Presentation is loading. Please wait.

Presentation is loading. Please wait.

The Sentence.

Similar presentations

Presentation on theme: "The Sentence."— Presentation transcript:

1 The Sentence

2 Subject Simple Subject Complete Subject
The main word or word group that tells whom or what the sentence is about Complete Subject Consists of all the words that tell whom or what the sentence is about.

3 Examples Simple Subject Complete Subject
This book on ecology will provide information for my report. Complete Subject

4 Identify the SIMPLE SUBJECT in each sentence.
Menna typed on the computer keyboard during study hall. The seventh grade teacher wrote her lesson on the board. The ridiculously tall hat blocked my view in the movie theater. My favorite video game was on sale at the store. The energetic children ate too much candy this morning. The lady with the hairnet on served lunch in the cafeteria.

5 Simple Predicate and Complete Predicate
Simple Predicate=the verb The main word or word group that tells something about the subject. Complete Predicate=verb and all the words that modify the verb and complete its meaning.

6 Examples Simple Predicate Aidan goes to the movies every weekend.
Complete Predicate

7 Identify the SIMPLE PREDICATE in each sentence.
Alan and Bryan walked to the store on East Main Street after school. The enthusiastic fans cheered when they saw the soccer team win the district championship. The tired principal got into his car at the end of the school day. Ms. Basone’s students went on a fieldtrip to Disney World. We met our neighbors at Demos’, the best restaurant in Murfreesboro.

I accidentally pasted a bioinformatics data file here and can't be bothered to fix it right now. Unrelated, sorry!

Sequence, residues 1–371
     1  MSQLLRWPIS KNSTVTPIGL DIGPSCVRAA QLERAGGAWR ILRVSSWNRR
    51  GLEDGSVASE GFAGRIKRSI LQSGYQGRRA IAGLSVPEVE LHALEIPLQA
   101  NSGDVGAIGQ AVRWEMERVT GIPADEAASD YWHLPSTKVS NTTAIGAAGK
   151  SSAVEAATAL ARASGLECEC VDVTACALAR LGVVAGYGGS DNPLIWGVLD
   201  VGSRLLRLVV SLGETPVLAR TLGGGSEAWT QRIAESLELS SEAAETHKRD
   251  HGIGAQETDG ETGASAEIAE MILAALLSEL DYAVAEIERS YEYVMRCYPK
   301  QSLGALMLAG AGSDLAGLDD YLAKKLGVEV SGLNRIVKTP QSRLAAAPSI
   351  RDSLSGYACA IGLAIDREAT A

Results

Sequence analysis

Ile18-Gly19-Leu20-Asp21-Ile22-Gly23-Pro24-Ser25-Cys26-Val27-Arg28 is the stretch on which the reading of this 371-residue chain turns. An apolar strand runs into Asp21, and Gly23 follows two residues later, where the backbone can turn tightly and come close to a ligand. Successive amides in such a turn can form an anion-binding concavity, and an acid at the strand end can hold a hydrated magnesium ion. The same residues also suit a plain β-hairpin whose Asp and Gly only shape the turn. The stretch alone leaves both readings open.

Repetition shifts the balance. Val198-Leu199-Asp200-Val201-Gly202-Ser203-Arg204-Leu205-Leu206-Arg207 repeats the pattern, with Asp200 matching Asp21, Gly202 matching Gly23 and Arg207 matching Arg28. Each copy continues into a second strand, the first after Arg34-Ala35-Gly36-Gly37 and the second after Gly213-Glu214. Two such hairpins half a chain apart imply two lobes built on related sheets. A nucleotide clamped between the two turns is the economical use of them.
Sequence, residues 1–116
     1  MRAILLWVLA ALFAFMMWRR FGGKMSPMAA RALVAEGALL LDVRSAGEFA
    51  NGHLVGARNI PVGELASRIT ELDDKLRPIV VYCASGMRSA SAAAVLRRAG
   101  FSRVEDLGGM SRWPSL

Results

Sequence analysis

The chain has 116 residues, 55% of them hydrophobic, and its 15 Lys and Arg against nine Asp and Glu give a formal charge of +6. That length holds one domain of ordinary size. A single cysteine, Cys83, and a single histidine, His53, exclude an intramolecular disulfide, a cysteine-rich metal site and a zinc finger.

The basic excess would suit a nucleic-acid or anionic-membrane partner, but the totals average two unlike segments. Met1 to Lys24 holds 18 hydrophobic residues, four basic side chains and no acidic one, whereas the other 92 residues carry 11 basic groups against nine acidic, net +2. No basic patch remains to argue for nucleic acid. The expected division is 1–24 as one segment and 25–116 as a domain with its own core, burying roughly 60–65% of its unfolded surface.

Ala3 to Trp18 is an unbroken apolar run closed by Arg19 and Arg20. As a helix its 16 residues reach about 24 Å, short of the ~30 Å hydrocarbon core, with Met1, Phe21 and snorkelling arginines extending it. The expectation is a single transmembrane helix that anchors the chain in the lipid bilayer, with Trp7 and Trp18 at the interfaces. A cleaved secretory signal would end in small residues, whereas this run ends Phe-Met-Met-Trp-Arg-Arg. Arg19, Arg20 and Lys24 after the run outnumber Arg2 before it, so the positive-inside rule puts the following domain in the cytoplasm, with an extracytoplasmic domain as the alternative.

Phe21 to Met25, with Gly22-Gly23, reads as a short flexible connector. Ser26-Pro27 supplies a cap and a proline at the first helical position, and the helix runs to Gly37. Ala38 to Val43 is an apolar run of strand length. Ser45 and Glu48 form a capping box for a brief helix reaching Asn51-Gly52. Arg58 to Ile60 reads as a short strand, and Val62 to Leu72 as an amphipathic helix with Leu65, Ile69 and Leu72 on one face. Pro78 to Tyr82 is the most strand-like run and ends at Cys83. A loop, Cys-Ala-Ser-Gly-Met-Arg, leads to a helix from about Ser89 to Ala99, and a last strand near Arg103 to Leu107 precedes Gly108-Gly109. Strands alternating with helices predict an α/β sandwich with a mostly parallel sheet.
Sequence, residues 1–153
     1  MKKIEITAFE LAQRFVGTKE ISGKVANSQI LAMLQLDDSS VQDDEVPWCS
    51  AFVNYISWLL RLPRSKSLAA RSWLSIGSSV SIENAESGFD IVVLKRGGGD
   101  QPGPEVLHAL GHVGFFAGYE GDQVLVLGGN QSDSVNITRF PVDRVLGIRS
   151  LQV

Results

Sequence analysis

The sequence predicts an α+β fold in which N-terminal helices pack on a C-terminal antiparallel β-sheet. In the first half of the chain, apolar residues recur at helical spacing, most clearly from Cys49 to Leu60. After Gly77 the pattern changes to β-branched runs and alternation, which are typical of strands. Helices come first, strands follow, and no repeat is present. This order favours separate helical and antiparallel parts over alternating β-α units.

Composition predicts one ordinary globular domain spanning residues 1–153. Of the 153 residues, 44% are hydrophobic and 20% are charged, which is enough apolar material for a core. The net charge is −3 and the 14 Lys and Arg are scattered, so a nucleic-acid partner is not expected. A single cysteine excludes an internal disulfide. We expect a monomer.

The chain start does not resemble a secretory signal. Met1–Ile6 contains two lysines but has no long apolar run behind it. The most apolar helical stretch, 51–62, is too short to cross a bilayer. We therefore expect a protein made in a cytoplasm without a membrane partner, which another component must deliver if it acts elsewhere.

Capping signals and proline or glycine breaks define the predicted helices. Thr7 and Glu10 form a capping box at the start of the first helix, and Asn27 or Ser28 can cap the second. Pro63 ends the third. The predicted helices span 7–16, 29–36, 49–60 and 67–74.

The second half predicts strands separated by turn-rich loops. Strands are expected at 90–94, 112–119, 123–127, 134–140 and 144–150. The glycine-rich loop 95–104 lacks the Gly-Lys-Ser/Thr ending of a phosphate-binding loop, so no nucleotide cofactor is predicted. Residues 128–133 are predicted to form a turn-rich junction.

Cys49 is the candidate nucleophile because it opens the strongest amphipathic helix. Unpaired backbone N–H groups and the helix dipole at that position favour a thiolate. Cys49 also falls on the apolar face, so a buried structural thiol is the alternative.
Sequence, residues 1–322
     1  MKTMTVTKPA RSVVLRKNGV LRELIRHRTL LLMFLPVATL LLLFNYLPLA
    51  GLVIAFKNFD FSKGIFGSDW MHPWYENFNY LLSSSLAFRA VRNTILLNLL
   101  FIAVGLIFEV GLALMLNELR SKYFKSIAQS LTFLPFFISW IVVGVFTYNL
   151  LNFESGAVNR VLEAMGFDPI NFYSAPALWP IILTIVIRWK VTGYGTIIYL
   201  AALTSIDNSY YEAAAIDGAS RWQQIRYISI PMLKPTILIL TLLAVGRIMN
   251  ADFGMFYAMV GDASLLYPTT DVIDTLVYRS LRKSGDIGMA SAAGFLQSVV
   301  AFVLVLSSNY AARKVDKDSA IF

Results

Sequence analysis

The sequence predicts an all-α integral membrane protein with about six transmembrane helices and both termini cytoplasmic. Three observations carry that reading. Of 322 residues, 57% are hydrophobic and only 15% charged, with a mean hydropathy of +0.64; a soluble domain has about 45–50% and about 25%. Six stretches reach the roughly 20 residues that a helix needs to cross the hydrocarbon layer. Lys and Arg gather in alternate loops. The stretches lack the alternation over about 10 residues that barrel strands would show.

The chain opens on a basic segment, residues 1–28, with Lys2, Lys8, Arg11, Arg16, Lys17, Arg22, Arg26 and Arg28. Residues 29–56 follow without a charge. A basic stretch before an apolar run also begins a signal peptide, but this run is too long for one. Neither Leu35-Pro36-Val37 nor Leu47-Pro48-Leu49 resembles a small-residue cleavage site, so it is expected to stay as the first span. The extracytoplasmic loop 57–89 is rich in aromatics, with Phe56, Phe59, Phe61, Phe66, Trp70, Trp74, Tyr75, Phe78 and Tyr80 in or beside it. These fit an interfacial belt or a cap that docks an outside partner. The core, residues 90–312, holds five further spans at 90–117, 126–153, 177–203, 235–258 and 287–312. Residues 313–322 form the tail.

8 The Complete Sentence MUST HAVE: -one subject -one verb AND
-expresses a complete thought

9 The Sentence Fragment -Does not express a complete thought.
-a word group that has been capitalized and punctuated as if it were a complete sentence. CAN -confuse the reader

10 Label each sentence fragment (f) or complete sentence (s)
1. Finished with homework. 2. The bird scared Ms. Basone to death. 3. Want to read books everyday in my class. 4. Be a turkey for Halloween. 5. The cute husky puppy.

11 Independent Clause AKA: Main Clause
Expresses a complete thought and can stand by itself as a complete sentence What does an independent clause HAVE to contain?

12 Subordinate Clause AKA: Dependent Clause
Does not express a complete thought and cannot stand by itself as a complete sentence

13 Run-on Sentences Two complete sentences punctuated like one sentence.
Two separate thoughts run into each other, and the reader cannot tell where one idea ends and another begins.

14 How do I correct a run-on sentence?
GOOD QUESTION… glad you asked! Think-Pair-Share What are some ways you know already to correct a run-on sentence?

15 Ways to correct a run-on sentence…
Comma + conjunction Semi-colon (;) Separate into two simple sentences

16 FOUR types of sentences
Imperative Exclamatory Declarative Interrogative

17 COMMAND Imperative Sentence Examples: Go to your room.
Eat your vegetables. Do your bellwork.

18 Exclamatory Seentence
Expresses strong emotion (anger, happiness, or excitement) Usually is punctuated with an exclamation mark !!!!!!! Examples I love pizza! Christmas break is in 3 weeks!

19 Declarative Sentence Make a statement.
Always punctuated with a period. Examples It’s going to rain tomorrow. I hope our game doesn’t get rained out.

20 Interrogative Sentence
Asks a question. Always punctuated with a question mark (?) Example How many goals did you score last night? What classes are you taking?

Download ppt "The Sentence."

Similar presentations

Ads by Google